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I have varicose veins in both of my legs. My weight is 57 kg & height is 4.11.i also have regular pain in my back & legs. Pl suggest something about my pain & also about how to cure varicose veins.
I am suffering from running nose and also high fever headache, joint pain,i want to sleep 24 hrs, acute weakness, my fever goes down for 5 hrs. After taking calpol and again returns back. Is it common cold?
I am aged 66 years. Diabites and hypertenson due to joint pains unable to sit on toilet. At times feel stiffness in the calf muscles. Please help.
I am 58 Yrs Old Male 162cm Height and 85Kgs Weight.I wish to loose atleast 20Kgs.I can not walk much as one knee is replaced in 2008 and second is to be replaced immediately.Physical activity is minimum
For many people, back pain seems like an unavoidable discomfort. But you may have more control than you think.
You can wreck your back in any number of ways, but a few major offenders stand out: Not stretching, not paying attention to your movements, and years of wear and tear, says Nick Shamie, MD, associate professor of orthopedic neurosurgery at UCLA and a spokesman for the American Academy of Orthopaedic Surgeons.
Here are five habits that put your spine at risk and simple strategies to stop them before the damage is done.
Back Wrecker #1: Weekend Warfare
'Most often, I see people who injured themselves during a weekend basketball game or a round of golf,' Shamie says. 'These people think they're athletes, but don't train like the pros, and as a result, their backs suffer.'
SLIDESHOW 10 Health Myths Debunked Start
Tackling those 'Honey Do' lists at home can also set you up for injury, especially if you were idle for most of the week. Cleaning out the garage, bending over a workbench, or spending hours in the yard or garden can be just as hard on your back as anything you do on a playing field.
Prevent it:'The only preventive solution I've found for back pain is exercise,' says Michael Hisey, MD, orthopedic surgeon and president of the Texas Back Institute in Denton, Texas. 'The fix is to stretch and strengthen your core muscles.'
The obliques -- the abdominal muscles on your sides -- are especially important for back stability, Hisey tells WebMD.
Hisey's tip: Get an inflatable exercise ball. Use it in your workouts and sit on it, instead of a chair, to engage your abs.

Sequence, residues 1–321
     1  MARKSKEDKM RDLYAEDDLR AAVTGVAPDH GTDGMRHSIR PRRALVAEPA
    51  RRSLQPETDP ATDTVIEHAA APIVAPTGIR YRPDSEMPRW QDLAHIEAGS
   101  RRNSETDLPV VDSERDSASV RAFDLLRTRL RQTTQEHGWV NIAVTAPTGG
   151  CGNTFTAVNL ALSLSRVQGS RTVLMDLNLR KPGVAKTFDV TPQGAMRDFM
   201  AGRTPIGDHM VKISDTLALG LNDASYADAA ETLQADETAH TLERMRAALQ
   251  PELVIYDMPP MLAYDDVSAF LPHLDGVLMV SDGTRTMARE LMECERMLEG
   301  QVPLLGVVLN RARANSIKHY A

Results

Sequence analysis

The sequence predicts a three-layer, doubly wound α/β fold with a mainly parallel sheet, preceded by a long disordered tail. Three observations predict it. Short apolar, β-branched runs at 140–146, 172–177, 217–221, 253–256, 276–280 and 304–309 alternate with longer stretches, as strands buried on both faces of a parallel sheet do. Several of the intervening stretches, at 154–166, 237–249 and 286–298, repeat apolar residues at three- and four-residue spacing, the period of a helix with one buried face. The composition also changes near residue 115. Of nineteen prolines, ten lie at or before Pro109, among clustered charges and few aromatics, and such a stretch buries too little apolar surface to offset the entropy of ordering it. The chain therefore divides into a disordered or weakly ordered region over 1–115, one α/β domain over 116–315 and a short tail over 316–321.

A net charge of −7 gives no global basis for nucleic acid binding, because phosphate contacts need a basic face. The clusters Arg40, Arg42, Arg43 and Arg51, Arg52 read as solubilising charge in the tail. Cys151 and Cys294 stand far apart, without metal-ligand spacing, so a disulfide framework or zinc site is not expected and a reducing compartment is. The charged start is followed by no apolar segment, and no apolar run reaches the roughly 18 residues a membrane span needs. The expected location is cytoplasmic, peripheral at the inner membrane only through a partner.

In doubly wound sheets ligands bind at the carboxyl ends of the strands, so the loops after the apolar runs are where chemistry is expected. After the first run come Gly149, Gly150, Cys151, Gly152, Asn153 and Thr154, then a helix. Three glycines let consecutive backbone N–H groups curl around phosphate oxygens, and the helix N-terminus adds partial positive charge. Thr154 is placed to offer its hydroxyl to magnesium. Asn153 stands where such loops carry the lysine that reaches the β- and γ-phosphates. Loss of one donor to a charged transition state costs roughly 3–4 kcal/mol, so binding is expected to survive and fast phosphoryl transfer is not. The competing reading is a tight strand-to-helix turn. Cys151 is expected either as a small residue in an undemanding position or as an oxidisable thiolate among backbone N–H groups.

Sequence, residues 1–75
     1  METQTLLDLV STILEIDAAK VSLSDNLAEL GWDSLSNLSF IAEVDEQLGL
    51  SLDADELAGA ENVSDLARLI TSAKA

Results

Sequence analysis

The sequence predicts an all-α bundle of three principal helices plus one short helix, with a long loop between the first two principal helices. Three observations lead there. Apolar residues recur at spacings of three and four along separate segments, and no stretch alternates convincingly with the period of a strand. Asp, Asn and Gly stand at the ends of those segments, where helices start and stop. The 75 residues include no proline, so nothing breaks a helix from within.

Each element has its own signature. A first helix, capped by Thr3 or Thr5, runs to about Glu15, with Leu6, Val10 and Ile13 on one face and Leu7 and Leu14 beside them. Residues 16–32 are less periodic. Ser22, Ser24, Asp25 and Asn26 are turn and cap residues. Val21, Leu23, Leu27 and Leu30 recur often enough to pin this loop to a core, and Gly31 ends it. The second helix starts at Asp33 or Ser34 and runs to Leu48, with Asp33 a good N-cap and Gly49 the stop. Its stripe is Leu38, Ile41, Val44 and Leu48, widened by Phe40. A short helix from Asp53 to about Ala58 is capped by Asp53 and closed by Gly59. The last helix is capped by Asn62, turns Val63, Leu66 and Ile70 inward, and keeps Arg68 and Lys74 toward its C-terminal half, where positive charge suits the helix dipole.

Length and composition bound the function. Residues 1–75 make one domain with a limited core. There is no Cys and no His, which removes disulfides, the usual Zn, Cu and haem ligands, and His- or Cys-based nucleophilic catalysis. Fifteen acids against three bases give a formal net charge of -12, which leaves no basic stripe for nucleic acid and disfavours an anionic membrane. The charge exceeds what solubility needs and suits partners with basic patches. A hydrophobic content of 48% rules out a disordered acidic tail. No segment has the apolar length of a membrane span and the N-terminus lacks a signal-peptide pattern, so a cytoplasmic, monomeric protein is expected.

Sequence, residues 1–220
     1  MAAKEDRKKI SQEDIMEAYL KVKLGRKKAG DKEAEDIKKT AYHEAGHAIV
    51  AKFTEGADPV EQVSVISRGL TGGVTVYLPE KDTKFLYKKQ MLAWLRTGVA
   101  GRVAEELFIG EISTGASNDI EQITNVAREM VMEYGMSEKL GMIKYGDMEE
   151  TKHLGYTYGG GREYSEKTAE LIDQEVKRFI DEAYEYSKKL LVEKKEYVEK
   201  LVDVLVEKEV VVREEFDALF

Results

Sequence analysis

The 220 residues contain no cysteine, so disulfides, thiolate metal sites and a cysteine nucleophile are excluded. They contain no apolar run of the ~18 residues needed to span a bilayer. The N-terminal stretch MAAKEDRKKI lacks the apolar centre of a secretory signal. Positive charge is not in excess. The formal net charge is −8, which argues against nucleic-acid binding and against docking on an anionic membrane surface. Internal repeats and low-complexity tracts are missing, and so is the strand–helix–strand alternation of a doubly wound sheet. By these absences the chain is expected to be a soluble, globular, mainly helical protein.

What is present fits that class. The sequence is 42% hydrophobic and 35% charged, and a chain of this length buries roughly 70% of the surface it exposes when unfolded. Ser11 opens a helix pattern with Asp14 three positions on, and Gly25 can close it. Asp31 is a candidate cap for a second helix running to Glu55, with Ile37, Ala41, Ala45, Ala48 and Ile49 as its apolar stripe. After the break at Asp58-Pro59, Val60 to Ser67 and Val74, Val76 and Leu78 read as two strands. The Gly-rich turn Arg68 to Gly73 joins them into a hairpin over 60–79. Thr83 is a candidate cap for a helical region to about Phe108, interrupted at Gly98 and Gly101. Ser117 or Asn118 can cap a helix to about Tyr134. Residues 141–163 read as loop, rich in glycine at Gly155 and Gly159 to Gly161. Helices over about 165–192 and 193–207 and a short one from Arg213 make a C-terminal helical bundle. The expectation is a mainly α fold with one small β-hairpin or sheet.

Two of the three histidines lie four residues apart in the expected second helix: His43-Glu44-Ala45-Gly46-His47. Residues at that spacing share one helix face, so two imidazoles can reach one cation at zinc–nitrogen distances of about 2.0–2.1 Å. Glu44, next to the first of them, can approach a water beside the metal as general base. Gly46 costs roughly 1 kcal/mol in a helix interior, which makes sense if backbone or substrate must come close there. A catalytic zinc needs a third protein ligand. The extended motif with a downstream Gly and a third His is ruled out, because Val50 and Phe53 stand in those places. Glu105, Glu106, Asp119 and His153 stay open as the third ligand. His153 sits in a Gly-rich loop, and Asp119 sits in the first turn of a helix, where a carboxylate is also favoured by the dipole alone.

Back Wrecker #2: Poor Lifting Technique
'Improper bending and lifting causes back injury; that's all there is to it,' says Dan McMackin, a spokesman for UPS.
Prevent it: Engage your abs to help support your back. Here are the basic principles that UPS uses for safe lifting, according to McMackin:
Bend your knees and keep your back straight. Don't bend at your waist.
Keep the object close to you. The farther away you hold it from your body, the more it stresses your back.
Never hold an item higher than your armpit or lower than your knees.
Don't move something that weighs more than 20% of your body weight.
Don't pivot, twist, or turn while lifting. Point your feet at the item you're lifting and face it as you pick it up. Change direction with your feet, not your waist.
Back Wrecker #3: Absentmindedness During Daily Activity
Simple tasks like taking out the trash or washing the dishes can get your spine bent out of shape if your body isn't ready.
'The movement doesn't necessarily have to be exaggerated or involve a heavy object,' Hisey says. 'You can hurt your back grabbing a paperclip off the floor or loading the dishwasher.'
And if your mind is running on auto-pilot instead of focusing on what you're doing, you could be in trouble.
'At UPS, we've seen a higher proportion of injuries occur at the end of the shift, due to fatigue of the mind and body,' McMackin says.
Prevent it: Train yourself to keep your core muscles engaged.
SLIDESHOW : Surprising Reasons You're in PainStart
A simple way to do that is to pull your navel toward your spine and imagine you're wearing a corset that pulls the sides of your abs inward. Doing that throughout the day -- and especially when lifting or bending -- strengthens and supports your back, says Esther Gokhale, author of8 Steps to a Pain-Free Back and owner of Esther Gokhale Wellness Center in Palo Alto, Calif.
Back Wreckers #4 and #5: Commuting and Computing
You sit, and you sit, and you sit some more -- at work, while driving, and in front of the TV. And your back doesn't like it. Here's why.
Your discs are spongy and cushion the vertebrae in your spine, but discs have poor blood supply, Hisey says. When you move, fluid circulates through the discs. When you sit still, the fluid is wrung out, so you're depriving discs of nutrition, he says. Spending so much time behind the wheel of a car or sitting in front of a computer adds mileage to our discs, which leads to stress in your back.
'The discs in your spine are nourished by motion,' Hisey says. 'So sitting still is hard on your back and neck, and can do long-term damage.' Studies have also shown that sitting puts more pressure on your spine than lying down or standing up.